Iron. The metal that had its own age. A metal we consistently find in extra-terrestrial material. A metal that carries several important roles in numerous bodily functions. A metal that even has its own superhero. It is in relation to the body and health that I will look at iron connected to autism and a few other things (although I am tempted to talk more about Iron Man given my childhood love of the Marvel comics).
I have, in a previous post, hinted at a possible issue with iron in some cases of autism. The limited research done on the topic of iron deficiency in autism suggests that it might be more widespread than you think.When taking into account ferritin levels as possible indicators of iron deficiency, the research does get a little bit serious in terms of the numbers potentially deficient. This last piece of research also suggests that things get potentially worse as chronological age increases.
So why is iron so important to autism and why might we be seeing the scientific results that we are?
Well like everything it is complicated. I will do my best but can't guarantee making things any clearer by the end of this post. We get our iron from a few sources: endogenous recycling following hemoglobin breakdown, dietary intake and the various supplements that we seem to be taking ever more of. Iron is important for lots of different bodily processes and where not enough is present, anaemia is diagnosed. For children, anaemia can affect growth measurements among other things.
One could assume that given the potential for dietary issues in some cases of autism, there might be some problem in consuming adequate levels of dietary iron. Indeed, quite a few studies have suggested that the recommended nutritional intake of iron (and lots of other things) might be less in autism than what they should be. I would however temper that statement by saying that controls were also tending to be low in iron intake also. Levels of ascorbic acid (vitamin C) which is also pretty important for the absorption of non-heme dietary iron has also been suggested to be 'different' in some cases of autism.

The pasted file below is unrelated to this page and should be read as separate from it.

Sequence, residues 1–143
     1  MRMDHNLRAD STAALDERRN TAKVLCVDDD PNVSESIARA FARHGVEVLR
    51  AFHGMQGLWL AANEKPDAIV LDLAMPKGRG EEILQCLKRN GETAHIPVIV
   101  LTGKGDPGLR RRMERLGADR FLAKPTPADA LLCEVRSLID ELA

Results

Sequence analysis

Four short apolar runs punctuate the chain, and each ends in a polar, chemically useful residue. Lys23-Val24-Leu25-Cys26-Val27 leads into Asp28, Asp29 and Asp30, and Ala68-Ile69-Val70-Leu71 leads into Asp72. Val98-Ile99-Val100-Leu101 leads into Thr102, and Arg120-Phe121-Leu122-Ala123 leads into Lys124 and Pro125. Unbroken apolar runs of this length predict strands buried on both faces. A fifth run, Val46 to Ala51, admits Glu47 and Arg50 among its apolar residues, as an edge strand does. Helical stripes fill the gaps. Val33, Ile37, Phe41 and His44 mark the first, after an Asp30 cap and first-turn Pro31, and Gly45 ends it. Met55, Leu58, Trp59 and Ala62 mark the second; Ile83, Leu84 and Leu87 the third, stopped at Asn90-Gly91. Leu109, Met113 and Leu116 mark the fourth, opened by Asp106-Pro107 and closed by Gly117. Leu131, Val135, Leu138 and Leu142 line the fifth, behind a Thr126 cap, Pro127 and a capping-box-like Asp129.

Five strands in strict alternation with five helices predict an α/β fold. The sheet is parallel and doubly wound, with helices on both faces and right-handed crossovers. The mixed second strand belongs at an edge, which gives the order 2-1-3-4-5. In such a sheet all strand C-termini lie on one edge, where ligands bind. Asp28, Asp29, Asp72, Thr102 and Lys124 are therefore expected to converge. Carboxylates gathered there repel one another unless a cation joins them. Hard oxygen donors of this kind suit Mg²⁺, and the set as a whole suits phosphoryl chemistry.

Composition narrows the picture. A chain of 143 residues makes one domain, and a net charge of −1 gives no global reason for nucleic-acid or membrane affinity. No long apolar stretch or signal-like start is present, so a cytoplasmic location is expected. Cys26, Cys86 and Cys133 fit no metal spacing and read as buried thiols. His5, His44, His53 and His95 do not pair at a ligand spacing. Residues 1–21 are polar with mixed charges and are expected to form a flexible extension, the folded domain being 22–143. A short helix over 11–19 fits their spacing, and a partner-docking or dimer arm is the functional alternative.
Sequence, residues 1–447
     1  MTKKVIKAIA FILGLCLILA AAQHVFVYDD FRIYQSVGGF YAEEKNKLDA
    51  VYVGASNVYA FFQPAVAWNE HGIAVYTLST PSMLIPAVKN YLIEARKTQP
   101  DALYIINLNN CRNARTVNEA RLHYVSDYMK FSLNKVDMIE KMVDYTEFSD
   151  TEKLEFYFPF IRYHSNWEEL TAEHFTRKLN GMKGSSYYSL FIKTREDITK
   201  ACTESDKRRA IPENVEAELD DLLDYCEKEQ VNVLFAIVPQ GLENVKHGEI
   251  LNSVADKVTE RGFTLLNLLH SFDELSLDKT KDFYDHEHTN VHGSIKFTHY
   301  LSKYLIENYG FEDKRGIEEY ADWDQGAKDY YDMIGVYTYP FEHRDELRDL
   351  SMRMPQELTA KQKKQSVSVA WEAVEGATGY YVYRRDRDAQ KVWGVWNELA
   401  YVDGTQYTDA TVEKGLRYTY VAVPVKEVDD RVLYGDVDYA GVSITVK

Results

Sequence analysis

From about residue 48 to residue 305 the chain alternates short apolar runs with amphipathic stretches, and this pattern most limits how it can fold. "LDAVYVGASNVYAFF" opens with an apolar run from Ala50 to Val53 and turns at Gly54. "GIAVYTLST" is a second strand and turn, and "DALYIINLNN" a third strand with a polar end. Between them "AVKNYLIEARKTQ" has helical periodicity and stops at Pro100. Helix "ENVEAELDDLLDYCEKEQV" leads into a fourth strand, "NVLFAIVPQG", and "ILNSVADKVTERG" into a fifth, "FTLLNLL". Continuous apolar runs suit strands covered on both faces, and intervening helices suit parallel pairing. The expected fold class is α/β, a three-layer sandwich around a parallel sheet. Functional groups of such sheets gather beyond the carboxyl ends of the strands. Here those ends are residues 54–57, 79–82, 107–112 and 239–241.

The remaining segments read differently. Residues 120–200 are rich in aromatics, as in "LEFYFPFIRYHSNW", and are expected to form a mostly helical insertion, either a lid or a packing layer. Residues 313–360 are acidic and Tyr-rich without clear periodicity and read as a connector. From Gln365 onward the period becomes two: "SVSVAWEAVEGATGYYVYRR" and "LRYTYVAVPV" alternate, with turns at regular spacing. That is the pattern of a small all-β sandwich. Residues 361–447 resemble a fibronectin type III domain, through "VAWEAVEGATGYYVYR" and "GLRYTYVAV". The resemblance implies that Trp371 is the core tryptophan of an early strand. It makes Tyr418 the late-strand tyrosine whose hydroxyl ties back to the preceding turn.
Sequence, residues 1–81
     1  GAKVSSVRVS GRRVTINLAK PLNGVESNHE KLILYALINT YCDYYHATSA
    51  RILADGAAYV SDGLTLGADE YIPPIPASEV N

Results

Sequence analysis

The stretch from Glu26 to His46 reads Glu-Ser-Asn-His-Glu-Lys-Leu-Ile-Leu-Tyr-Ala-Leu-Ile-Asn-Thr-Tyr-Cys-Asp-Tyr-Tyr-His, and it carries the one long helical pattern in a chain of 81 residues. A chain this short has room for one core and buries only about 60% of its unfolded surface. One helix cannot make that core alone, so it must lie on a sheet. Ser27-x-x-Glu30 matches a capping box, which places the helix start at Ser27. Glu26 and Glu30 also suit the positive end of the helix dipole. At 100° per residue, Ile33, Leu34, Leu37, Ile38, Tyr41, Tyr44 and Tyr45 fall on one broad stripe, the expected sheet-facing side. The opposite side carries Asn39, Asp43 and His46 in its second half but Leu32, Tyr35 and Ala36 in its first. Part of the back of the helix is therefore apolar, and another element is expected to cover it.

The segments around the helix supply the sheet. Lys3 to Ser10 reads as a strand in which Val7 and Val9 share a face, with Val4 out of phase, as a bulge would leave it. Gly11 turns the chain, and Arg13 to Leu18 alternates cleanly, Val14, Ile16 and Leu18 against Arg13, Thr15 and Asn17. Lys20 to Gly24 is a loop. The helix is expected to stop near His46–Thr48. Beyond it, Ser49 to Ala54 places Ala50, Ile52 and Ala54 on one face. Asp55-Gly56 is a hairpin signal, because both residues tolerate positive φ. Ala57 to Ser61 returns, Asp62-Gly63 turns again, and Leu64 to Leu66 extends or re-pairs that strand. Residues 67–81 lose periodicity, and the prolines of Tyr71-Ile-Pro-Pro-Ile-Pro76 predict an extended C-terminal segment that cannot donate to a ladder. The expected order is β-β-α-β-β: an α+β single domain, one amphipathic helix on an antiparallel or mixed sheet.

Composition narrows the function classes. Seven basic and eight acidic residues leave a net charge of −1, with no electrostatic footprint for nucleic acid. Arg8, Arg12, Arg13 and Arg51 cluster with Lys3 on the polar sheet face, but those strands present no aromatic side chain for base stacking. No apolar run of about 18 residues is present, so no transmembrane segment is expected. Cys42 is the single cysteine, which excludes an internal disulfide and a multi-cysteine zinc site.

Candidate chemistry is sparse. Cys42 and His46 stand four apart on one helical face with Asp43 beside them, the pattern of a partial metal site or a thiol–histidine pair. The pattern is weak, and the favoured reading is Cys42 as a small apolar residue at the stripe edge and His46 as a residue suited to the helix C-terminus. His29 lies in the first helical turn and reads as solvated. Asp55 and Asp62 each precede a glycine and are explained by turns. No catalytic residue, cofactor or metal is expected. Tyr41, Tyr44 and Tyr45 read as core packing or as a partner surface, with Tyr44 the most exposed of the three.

There is some suggestion that supplementing iron in autism might have some interesting knock-on effects with regards to ferritin levels and also sleeping patterns. The ferritin levels bit suggests that the metabolism of iron might not be particularly problematic in autism; rather low intake or some mechanism that depletes iron being more important. This is where I am going to be a bit speculative so please get that pinch of salt ready.
Regular readers might know that I talk quite a bit about coeliac disease as being potentially quite an important co-morbidity to some cases of autism. Coeliac disease has also been associated with iron deficiency whether through poor absorption of dietary iron or more controversially as a result of blood loss.
Question: could the low levels of iron present in some cases of autism be due to similar mechanisms?
I am not suggesting that every case of low iron in autism is due to coeliac disease; indeed nothing close. What I do however wonder is whether the proposed 3% of the autistic population with co-morbid coeliac disease might be populous in our low iron group? What about those with gut hyperpermeability also potentially affecting the amount of iron absorbed from diet?
If you want more information on testing for levels of iron, please have a look here on what testing involves and speak to your medical physician.
Because I can't resist it, here is a Marvel link that many of you may remember from days gone by.
[Update: 23 September 2014: Here is my take on the paper by Schmidt and colleagues looking at maternal iron supplementation during pregnancy and offspring autism risk]